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'It takes enormous amount of bravery’: Gay former athlete applauds Nassib for making NFL history

LGBTQ+ community advocate Taylor Vanderlaan connects with Nassib’s story. He played rugby in college and came out to his team his sophomore year.
Posted at 7:06 PM, Jun 25, 2021

GRAND RAPIDS, Mich. — Earlier this week, Raiders defensive end Carl Nassib made history becoming the first openly gay active player in the National Football League. He came out in a video he posted on social media.

“What’s up people. It’s Carl Nassib. I’m here at my house in Westchester, Pennsylvania. Just want to take a quick moment to say that I’m gay,” Nassib said in the video. “I’ve been meaning to do this for a while now but I finally feel comfortable enough to get this off my chest. I really have the best life. I’ve got the best family, friends and job a guy could ask for. I’m a pretty private person. So, I hope you know I'm not doing this for attention. I just think that representation and visibility are so important.”

Taylor Vanderlaan, a community advocate with the Grand Rapids Pride Center, watched the video and agreed. Representation does matter.

“It takes an enormous amount of bravery and courage. He didn’t know what the outcome was going to be when he came out. But, he still took that chance and it will pay off,” Vanderlaan said during an interview with FOX 17 on Wednesday. “I think the NFL is absolutely in a place where we need and can have a gay football player. So, it’ll show the super masculine fans that there are people different than you playing football.”

Vanderlaan, 26, connected with Nassib’s story because he too is gay and was once an athlete, playing rugby at Ferris State University. He said at the time, there’d been rumors on the team circulating about him. So, the third week into his sophomore year, he came out to them.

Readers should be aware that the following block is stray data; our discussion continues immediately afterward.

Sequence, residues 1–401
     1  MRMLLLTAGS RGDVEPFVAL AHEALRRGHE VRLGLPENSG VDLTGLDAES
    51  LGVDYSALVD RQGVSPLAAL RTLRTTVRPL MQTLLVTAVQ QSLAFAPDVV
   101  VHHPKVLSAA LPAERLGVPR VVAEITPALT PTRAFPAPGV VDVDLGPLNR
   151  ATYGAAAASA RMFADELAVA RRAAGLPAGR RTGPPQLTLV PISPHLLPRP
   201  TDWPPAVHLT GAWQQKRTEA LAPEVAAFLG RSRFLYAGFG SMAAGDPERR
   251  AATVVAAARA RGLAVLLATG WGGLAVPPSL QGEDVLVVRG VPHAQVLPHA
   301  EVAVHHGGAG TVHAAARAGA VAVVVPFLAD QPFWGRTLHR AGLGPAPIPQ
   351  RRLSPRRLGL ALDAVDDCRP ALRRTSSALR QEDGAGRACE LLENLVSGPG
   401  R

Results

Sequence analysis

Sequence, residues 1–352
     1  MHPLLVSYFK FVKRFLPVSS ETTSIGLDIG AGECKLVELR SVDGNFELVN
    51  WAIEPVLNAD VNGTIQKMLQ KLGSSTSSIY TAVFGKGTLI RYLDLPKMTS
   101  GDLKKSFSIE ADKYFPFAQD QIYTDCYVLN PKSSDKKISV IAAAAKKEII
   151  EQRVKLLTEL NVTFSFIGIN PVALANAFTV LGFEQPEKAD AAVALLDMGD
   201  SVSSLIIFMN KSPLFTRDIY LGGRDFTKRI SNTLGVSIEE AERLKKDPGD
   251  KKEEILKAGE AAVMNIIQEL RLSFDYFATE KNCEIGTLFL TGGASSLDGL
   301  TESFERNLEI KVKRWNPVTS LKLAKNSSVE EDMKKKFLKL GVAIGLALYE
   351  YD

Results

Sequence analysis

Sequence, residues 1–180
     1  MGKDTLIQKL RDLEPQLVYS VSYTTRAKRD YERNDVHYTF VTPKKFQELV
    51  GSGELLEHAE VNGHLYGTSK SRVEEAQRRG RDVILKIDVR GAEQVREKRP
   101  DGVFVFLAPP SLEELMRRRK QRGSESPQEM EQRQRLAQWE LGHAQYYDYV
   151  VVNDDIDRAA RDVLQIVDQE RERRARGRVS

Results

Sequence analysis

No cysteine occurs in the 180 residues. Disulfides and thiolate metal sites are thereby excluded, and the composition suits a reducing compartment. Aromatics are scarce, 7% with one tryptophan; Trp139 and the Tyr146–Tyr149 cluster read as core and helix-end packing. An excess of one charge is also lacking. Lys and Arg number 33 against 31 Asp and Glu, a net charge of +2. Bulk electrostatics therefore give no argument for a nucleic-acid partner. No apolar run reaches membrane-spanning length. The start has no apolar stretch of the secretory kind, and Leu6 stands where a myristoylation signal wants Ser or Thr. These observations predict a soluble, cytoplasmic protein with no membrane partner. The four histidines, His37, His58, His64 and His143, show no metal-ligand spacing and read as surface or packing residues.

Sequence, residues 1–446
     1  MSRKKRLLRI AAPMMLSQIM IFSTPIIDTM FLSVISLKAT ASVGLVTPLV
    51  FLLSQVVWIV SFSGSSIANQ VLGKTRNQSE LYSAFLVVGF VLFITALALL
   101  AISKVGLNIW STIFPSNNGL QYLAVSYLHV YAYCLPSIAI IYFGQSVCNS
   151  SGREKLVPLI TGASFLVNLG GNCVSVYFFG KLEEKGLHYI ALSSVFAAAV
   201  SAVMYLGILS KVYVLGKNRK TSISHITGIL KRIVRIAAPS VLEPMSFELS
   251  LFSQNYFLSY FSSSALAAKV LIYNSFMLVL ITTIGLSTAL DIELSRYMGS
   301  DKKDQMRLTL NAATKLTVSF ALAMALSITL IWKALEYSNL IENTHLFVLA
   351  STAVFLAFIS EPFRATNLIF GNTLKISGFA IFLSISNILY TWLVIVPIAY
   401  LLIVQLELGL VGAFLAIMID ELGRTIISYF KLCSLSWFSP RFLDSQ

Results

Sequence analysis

“I came out to a close friend on the team and then more,” Vanderlaan recalled. “Then slowly everyone on the team knew. There was some confusion and some questions but they were all on board. I couldn’t have asked for a better support system.”

Vanderlaan added that as soon as he came out his performance on the field improved. He said he felt comfortable being who he was. However, he knows that comfort isn’t a part of everyone's journey.

“I think it becomes a lot easier to be gay in sports when you are out and when you do look like me. Someone like Michael Sam didn’t have the easiest time,” said Vanderlaan, who’s white and Sam is Black. “The fact that I think that Carl is white and attractive and fits the mold, he’s a safe bet to mainstream inclusion in the NFL.”

Michael Sam was the 2013 SEC Defensive Player of the Year and an NFL draft pick in 2014 who came out that same year, a year before the Supreme Court legalized gay marriage. Sam ended up never playing a regular season game in the NFL. However, Vanderlaan believes Sam faced racism and was never fully accepted.

Nassib being white gave him the privilege and ease to come out, Vanderlaan noted. Nevertheless, he hopes Nassib will be accepted.

“I actually hope that one-day videos like this, the coming out process are just not necessary,” Nassib went on to say in his short video. “But, until then I’m going to do my best and do my part to cultivate a culture that's accepting, that's compassionate.”

Nassib also said that he’ll donate $100,000 to the Trevor Project, an organization dedicated to suicide prevention for teens in the LGBTQ+ community.

Vanderlaan applauds Nassib’s work and hopes teams everywhere — high school, college and professional — will cultivate the culture that Nassib is trying to do.

“Other people’s experience is very different but it doesn’t make them worse,” Vanderlaan said. “Having an out athlete on your team makes your team better.”